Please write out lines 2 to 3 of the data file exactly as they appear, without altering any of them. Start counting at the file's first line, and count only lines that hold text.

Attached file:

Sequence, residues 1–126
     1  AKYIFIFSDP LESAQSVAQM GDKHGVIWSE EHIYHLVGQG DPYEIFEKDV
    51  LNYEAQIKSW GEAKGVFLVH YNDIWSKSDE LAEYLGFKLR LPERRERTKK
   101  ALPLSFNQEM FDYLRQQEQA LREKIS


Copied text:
     1  AKYIFIFSDP LESAQSVAQM GDKHGVIWSE EHIYHLVGQG DPYEIFEKDV
    51  LNYEAQIKSW GEAKGVFLVH YNDIWSKSDE LAEYLGFKLR LPERRERTKK